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Margot Harrison: On Community in Fan Fiction

Award-winning journalist and author Margot Harrison discusses writing about her own experiences in her new YA thriller, We Made It All Up.

Margot Harrison is an award-winning journalist living in Vermont. She is also the author of The Glare and The Killer in Me. Find her on Instagram and Twitter.

Margot Harrison: On Community in Fan Fiction

Margot Harrison

In this post, Margot discusses writing about her own experiences in her new YA thriller, We Made It All Up, what fan fiction communities offer to writers and readers, and more!

Name: Margot Harrison
Literary agent: Jessica Sinsheimer, Context Literary Agency
Book title: We Made It All Up
Publisher: Little, Brown Books for Young Readers
Release date: July 12, 2022
Genre/category: YA thriller
Previous titles: The Killer in Me, The Glare
Elevator pitch for the book: Two lonely girls bond by writing fan fiction about their school’s golden boy, but fantasy becomes disturbingly real when he turns up dead and they’re the suspects.

Margot Harrison: On Community in Fan Fiction

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What prompted you to write this book?

I’ve wanted for years to write a story that would delve into the culture of fan fiction and what motivates different people to write it. I feel like it’s too often mocked and dismissed as an inferior form of storytelling, when in fact it gives essential nourishment and community to so many writers and readers.

How long did it take to go from idea to publication? And did the idea change during the process?

The idea dates back at least a decade. Originally, it was a literary novel about grown women writing fan fiction about a TV show. Next, it became a thriller about teens who bond online over fan fiction and kidnap the star of their favorite TV show. Then I realized that I loved the setting of my fictional TV show—a tiny Montana town—and actually wanted to set the story there!

So the book became a YA thriller about girls who write secret “fan fiction” about real people they know. I also loved how inherently risky that form of inspiration is, because what if the subjects of the story find out?

Were there any surprises or learning moments in the publishing process for this title?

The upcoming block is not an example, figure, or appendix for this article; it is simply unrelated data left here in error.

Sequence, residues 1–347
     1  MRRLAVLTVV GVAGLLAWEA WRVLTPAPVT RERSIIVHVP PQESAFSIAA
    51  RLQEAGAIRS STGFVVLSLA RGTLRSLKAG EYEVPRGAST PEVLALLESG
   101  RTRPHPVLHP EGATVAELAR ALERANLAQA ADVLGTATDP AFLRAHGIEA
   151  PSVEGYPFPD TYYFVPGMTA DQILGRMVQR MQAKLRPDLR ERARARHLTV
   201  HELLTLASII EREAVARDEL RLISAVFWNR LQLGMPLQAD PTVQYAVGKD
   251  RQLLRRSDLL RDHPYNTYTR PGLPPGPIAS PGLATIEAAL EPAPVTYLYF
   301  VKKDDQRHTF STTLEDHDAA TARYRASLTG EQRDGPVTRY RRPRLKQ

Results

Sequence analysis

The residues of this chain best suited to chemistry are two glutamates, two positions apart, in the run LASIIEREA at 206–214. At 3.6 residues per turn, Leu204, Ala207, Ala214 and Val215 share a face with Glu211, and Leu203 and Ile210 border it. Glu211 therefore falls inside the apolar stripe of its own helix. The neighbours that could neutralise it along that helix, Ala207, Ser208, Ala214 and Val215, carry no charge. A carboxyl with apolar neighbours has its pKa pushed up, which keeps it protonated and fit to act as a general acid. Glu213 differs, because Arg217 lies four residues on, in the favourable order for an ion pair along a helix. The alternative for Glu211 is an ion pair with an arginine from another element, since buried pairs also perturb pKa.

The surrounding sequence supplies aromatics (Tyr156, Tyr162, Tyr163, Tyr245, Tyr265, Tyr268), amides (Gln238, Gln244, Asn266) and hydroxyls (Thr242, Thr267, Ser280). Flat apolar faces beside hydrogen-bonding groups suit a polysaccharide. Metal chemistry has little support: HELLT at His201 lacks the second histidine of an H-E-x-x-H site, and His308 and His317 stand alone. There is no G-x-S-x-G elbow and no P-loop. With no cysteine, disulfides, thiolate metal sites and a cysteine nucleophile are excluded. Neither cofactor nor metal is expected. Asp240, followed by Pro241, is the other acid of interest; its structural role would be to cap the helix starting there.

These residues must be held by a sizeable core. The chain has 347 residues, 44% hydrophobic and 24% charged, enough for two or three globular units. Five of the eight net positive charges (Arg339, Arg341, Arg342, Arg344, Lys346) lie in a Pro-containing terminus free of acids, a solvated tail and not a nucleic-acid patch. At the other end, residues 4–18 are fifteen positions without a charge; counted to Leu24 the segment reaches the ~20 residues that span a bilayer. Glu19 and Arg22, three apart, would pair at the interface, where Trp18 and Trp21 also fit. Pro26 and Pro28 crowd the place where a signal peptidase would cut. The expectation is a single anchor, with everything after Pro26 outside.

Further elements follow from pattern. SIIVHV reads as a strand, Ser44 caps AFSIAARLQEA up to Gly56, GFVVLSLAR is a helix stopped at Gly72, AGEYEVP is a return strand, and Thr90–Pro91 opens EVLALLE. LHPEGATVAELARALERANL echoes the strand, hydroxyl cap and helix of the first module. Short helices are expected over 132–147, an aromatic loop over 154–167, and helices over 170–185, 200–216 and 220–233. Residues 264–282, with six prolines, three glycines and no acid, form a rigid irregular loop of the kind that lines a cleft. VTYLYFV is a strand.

Publishing this book was a dream. It’s the first book that I have not had to do fairly extensive edits on during the publishing process, and I give credit for that to my critique partners, Dayna Lorentz and Rachel Carter. We workshopped this book for more than a year, and they pushed me so hard to find the core of the story.

Margot Harrison: On Community in Fan Fiction

Were there any surprises in the writing process for this book?

I don’t think I’ve ever put as much of myself into a character as I did into Celeste, the protagonist of this book. At first it felt difficult and awkward, especially when my CPs pushed me to explain Celeste’s motivations. For instance, they asked, “If she’s so shy, why does she love the theater and being onstage?” I found myself explaining aspects of myself to which I had never given much thought.

When you write your own past feelings and experiences, there’s a lot of risk involved. Criticism feels personal. Ultimately, though, I’m glad I took that risk of revisiting my own adolescence.

What do you hope readers will get out of your book?

Sometimes, when people are very shy or reserved or withdrawn, other people disparage them as being “standoffish” or having “no personality.” I hope this book will remind readers that people who seem closed off are often protecting themselves and that they can have rich inner lives. One of the great powers of fiction is that it can open up a secretive person’s inner life to the reader, while helping us all to empathize a little more with one another.

If you could share one piece of advice with other writers, what would it be?

Make your own path! Some people take a check-list approach to writing: “I have to get an MFA” or “I have to take this particular workshop and follow all the instructor’s rules.” Those are great plans for many writers, and it can be reassuring to have a list of concrete steps. But everyone’s path is individual.

I don’t have an MFA. I’ve never taken a writing workshop as an adult. I just read constantly and learn from it. Do what works for you!

Fearless Writing William Kenower

If you love to write and have a story you want to tell, the only thing that can stand between you and the success you’re seeking isn’t craft, or a good agent, or enough Facebook friends and Twitter followers, but fear. Fear that you aren’t good enough, or fear the market is too crowded, or fear no one wants to hear from you. Fortunately, you can’t write while being in the flow and be afraid simultaneously. The question is whether you will write fearlessly.

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